On the Process of Becoming a Librarian

Hello and welcome back to the Wells Reference Blog! For those of you just tuning in, this is where the public service assistants of Herman B Wells Library reflect on librarianship and librarian-related topics. In the past, this has often taken the form of highlighting services and resources in the Wells Library. Last year we took a different approach and we reflected on what it means to be a librarian. This semester we’ll be focusing on the process of becoming a librarian and what that means.

How does one become a librarian? What sort of education and training are required? What aspects of the education we receive seem necessary and useful? What are we putting into practice now as we work at Wells Library and what will we put into practice in the future? How does this vary based on the type of library and area of interest? Who are the people instructing and mentoring us? What are some things we wish we could learn more about? These are the type of questions we’ll be asking ourselves this semester.

Having recently started my second year in the library and information science program at Indiana University, when I think about the education I’ve received and am receiving, I think back to where I was when I started the program and started working at the reference desk at Wells Library.

I had a class and a shift on the reference desk on my first day, which also happened to be the first day of classes for the semester. Returning to school after several (and several more) years away, having no previous experience working in a library, I was excited and terrified. Most of my peers were younger than me, seemed sure of their areas of interest in librarianship, and seemed to know exactly what they wanted to get out of the program and their time at Indiana University. I had an idea that librarianship would be a good fit for me based on my strengths and interests, but no concrete proof, and an interest in youth services in public libraries that I was reluctant to admit to anyone, including myself. I was terrified that I didn’t belong and that I was going to be told I was all wrong for librarianship.

My first shift at the reference desk, I kept hearing a dinging noise and finally asked the librarian I was working with what it was, only to be told it was the chat. Then I couldn’t figure out how to get to the window for the chat application. Not a promising start. But I was also excited to learn and work toward a goal that I had enthusiasm for and believed in.

Since that time, the most important thing I’ve learned in the program is that I can be a librarian. Actually, that may be the second most important thing. The most important thing I’ve learned is that I can be myself, as cheesy as that may sound. Last year, I was overwhelmed and terrified working my first shift at the reference desk. This year, I proudly wore a shirt with a detachable cape to my first shift at the reference desk, to the astonishment of several patrons. And while my education isn’t complete yet, and I’m sure I’ll learn a lot more in that time, whatever happens, I know that at the end of this process, I can become a librarian. And I’m hoping I’ll get to become a librarian who wears a cape at least every once in a while.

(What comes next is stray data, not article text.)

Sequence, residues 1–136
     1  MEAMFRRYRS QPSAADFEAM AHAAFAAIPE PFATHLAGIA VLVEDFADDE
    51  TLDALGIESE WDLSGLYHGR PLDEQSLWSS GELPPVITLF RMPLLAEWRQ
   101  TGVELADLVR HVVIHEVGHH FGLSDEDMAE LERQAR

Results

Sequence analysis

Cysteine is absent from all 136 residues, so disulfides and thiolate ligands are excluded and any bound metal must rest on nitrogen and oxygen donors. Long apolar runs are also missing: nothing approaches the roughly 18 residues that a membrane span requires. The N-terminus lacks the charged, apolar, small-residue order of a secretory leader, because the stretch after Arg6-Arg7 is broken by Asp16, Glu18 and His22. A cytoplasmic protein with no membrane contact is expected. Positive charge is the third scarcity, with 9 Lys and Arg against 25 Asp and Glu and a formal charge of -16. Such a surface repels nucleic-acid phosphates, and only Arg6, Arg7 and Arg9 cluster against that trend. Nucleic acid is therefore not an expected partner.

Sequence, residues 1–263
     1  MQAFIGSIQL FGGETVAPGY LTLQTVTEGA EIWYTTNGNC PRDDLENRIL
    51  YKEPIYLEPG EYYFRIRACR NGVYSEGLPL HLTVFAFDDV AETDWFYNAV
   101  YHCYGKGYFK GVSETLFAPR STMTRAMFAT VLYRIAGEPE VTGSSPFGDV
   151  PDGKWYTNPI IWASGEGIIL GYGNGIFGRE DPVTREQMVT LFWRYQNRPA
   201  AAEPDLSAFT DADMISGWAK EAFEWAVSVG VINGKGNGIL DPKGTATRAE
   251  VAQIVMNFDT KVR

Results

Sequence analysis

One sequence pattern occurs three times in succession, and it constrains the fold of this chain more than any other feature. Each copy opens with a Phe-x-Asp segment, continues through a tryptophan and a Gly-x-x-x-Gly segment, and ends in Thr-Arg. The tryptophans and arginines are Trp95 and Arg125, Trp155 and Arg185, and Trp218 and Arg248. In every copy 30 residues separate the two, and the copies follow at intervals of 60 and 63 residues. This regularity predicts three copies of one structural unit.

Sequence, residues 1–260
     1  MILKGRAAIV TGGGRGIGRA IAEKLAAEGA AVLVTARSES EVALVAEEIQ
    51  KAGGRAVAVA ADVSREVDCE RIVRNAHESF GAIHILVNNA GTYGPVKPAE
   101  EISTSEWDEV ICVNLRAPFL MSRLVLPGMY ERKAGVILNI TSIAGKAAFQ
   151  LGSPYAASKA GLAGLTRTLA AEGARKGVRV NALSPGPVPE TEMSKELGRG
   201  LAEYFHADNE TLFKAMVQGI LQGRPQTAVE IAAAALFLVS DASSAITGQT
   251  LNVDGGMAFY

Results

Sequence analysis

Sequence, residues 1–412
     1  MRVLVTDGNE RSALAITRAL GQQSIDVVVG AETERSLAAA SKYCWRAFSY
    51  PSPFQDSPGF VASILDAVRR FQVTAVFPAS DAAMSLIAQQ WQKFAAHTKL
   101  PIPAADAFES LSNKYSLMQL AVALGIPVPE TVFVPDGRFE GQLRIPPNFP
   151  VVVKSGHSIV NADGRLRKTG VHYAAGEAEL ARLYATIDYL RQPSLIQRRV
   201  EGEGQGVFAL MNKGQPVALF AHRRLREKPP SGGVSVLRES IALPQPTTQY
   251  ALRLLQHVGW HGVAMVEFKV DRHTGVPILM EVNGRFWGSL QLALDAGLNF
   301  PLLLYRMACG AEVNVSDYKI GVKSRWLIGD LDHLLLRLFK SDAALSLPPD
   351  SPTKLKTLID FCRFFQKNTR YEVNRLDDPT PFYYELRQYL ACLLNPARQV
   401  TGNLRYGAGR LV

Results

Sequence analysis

-Kristin McWilliams

Having Trouble Accessing Articles? Read This!

Scholarly journal articles are some of the most-used resources students seek when conducting research and writing papers. With more than 60,000 electronic journals and nearly 12,000 print serials subscriptions across campus, these resources are abundant, current, reliable sources that are easy to access – most of the time. What happens when you can’t find a link to an electronic journal that we should have access to? What does it mean when something is in the ALF? What do all these dates, links, and database names mean? Sometimes figuring out what kind of access and holdings the library has for certain journal titles can be a tricky business. This blog post should help make finding that one perfect article a little easier.

Let’s say you’ve found a citation for an article from 1995 in the journal Leisure Studies, but aren’t able to access the article through IUCat or OneSearch. One way to find this article is to search for it by name. The Libraries provide a page where you can search for specific journals by title. A search for Leisure Studies gives you these results:

According to this information, the library only has this title available online full-text from 1997 to present. If you want an article between these dates, all you have to do is click on the “Taylor & Francis Online” link and you’ll have instant access to all issues of this title the library currently subscribes to.

Your citation, however, is for an article from 1995, so your online access is denied. Never fear, all hope is not lost!

Your next step is to check IUCat for print holdings. On the IUCat search screen, click “Begins With (Browse)” on the right-hand column. You can then search Leisure Studies as a periodical title.

Leisure Studies will be your second search result. If you click on this title, then click on the entry for “Leisure studies : the journal of the Leisure Studies Association,” you will see the catalog record. This catalog entry tells you which years and volumes the library owns in print, as well as where they are located on campus. If you scroll down, you will find that you can access your article from 1995 by going to the HPER library where it is currently available in print.